Mama tree iguanas targeted by hunters as source of traditional medicine in Bolivia
(03/23/2009) Harvesting of a Bolivian lizard for its purported healing powers is leading to its depletion, report researchers writing in Tropical Conservation Science. Erika De la Galvez Murillo and Luis F. Pacheco of the Universidad Mayor de San Andrés found that collection of the Andean Tree Iguana or "Jararank'o" (Liolaemus signifer), a lizard found on Bolivia's dry Altiplano, for use in traditional medicine reduced population by nearly half relative to unharvested sites. They note that the species may suffer increased mortality when dens are destroyed during harvesting since mother lizards — targeted by collectors for their size — care for their young.
Territorial disputes and conservation
(03/23/2009) Political drivers such as those related to territorial disputes between tropical countries can result in direct and indirect ramifications negatively impacting conservation of native ecosystems report Arlenie Perez, Chuang Chin-Ta and Farok Afero in the March issue of the open access journal Tropical Conservation Science.
Land rights victory for Amazon Indians in Brazil
(03/20/2009) In what is being hailed as a victory for indigenous groups in the Brazilian Amazon, Brazil's Supreme Court sided with Indians from the Raposa Serra do Sol reservation in a 30-year land dispute with large-scale farmers in the northern state of Roraima, near the border with Venezuela, reports the Associated Press.
37,000 sq km of Amazon rainforest destroyed or damaged in 2008
(03/19/2009) Logging and fires damaged nearly 25,000 square kilometers (9,650 square miles) of Amazon rainforest in the August 2007-July 2008 period, an increase of 67 percent over the prior year period, according to a new mapping system developed by Brazil's National Institute for Space Research (INPE). The damage comes on top of the nearly 12,000 sq km (4,600 sq mi) of rainforest that was cleared during the year.
Smallest Andean frog discovered in cloud forests of Peru
(03/18/2009) At 3,000 meters (9,842 feet) in the Andes herpetologists were surprised to discover a frog so small it could sit on a dime with room to spare. Further study showed that this new species, named Noble's pygmy frog, is the smallest frog in the Andean mountain range.
Drought threatens the Amazon rainforest as a carbon sink
(03/05/2009) Drought in the Amazon is imperiling the rainforest ecosystem and global climate, reports new research published in Science. Analyzing the impact of the severe Amazon drought of 2005, a team of 68 researchers across 13 countries found evidence that rainfall-starved tropical forests lose massive amounts of carbon due to reduced plant growth and dying trees. The 2005 drought — triggered by warming in the tropical North Atlantic rather than el Niño — resulted in a net flux of 5 billion tons of carbon dioxide (CO2) into the atmosphere — more than the combined annual emissions of Japan and Europe — relative to normal years when the Amazon is a net sink for 2 billion tons of CO2.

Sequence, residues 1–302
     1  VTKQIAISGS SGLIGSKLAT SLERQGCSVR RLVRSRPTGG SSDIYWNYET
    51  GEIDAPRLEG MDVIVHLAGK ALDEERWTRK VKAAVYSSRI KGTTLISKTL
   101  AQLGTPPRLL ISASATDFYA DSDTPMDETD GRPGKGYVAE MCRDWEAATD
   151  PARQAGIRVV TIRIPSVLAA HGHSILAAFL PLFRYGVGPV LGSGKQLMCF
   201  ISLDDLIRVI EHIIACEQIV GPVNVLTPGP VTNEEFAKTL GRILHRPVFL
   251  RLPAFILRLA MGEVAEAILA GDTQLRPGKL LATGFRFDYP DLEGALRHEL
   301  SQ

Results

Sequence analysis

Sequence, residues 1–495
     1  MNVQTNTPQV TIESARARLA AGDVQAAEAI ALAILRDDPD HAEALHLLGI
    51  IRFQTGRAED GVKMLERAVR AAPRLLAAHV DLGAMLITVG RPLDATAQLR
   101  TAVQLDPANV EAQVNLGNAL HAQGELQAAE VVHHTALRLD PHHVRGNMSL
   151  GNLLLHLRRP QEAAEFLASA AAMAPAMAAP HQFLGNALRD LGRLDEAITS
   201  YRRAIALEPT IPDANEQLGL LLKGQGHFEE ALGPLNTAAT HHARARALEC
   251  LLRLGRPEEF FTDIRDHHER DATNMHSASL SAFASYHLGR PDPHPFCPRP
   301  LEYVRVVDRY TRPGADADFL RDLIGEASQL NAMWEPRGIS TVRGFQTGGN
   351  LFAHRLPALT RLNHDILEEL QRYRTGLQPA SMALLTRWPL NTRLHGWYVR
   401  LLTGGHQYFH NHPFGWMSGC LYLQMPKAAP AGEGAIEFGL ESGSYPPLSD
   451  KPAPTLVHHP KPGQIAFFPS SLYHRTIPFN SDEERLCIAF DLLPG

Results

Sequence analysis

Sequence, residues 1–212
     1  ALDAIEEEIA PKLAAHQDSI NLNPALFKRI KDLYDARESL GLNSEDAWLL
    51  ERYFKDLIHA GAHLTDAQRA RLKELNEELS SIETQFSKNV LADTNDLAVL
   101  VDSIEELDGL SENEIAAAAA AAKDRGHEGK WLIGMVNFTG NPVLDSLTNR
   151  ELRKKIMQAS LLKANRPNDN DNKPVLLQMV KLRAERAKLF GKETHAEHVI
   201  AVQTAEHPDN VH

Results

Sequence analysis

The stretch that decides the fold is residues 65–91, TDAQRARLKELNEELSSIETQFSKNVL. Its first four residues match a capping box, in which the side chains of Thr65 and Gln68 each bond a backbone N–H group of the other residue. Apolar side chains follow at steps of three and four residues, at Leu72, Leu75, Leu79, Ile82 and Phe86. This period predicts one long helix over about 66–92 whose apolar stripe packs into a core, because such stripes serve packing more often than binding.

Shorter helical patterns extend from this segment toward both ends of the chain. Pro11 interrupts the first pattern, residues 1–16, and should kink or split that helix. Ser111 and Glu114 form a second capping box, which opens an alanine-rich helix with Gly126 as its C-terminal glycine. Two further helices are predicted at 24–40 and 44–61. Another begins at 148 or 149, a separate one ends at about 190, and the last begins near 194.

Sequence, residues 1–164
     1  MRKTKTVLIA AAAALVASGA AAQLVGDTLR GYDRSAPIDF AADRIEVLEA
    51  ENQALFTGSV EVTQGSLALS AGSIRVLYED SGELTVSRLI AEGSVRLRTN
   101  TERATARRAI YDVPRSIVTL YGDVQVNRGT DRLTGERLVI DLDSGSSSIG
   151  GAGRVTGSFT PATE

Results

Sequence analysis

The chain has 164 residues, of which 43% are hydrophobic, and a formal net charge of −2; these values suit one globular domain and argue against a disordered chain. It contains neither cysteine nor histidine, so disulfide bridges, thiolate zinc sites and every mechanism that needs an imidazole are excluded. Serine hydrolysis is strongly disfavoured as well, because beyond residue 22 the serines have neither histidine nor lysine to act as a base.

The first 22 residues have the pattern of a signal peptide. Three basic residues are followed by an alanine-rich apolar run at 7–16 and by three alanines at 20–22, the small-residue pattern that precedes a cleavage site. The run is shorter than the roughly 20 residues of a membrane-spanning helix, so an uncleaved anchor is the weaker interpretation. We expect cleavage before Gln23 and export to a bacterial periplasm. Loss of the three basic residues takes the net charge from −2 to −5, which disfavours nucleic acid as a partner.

Amazon deforestation drops 70% for Nov 2008-Jan 2009 period
(03/04/2009) Deforestation in the Brazilian Amazon fell to 291 square miles (754 square kilometers) in the November 2008-January 2009 window, a drop of 70 percent compared to the year earlier period when 976 sq mi (2,527 sq km), said Environment Minister Carlos Minc.
14,000-barrel oil spill in the Ecuadorean Amazon
(02/27/2009) A ruptured oil pipeline caused 14,000 barrels of crude to spill into a river in the Napo region in northeast Ecuador, an area known for its high biological diversity, reports Reuters.
Amazon rainforest in big trouble, says UN
(02/19/2009) Economic development could doom the Amazon warns a comprehensive new report from the United Nations Environment Programme (UNEP). The report — titled GEO Amazonia [PDF-21.3MB] — is largely a synthesis of previously published research, drawing upon studies by more than 150 experts in the eight countries that share the Amazon.
FARC killing Rainforest Indians in Colombia
(02/18/2009) Several members of the Awa indigenous community have been killed by Revolutionary Armed Forces of Colombia (FARC) guerrillas in Nariño, a state bordering Ecuador, reports Human Rights Watch.
Payments for eco services could save the Amazon
(02/12/2009) Paying for the ecological services provided by the Amazon rainforest could be the key to saving it, reports a new analysis from WWF. The study, Keeping the Amazon forests standing: a matter of values, tallied the economic value of various ecosystem services afforded by Earth's largest rainforest. It found that standing forest is worth, at minimum, $426 per hectare per year.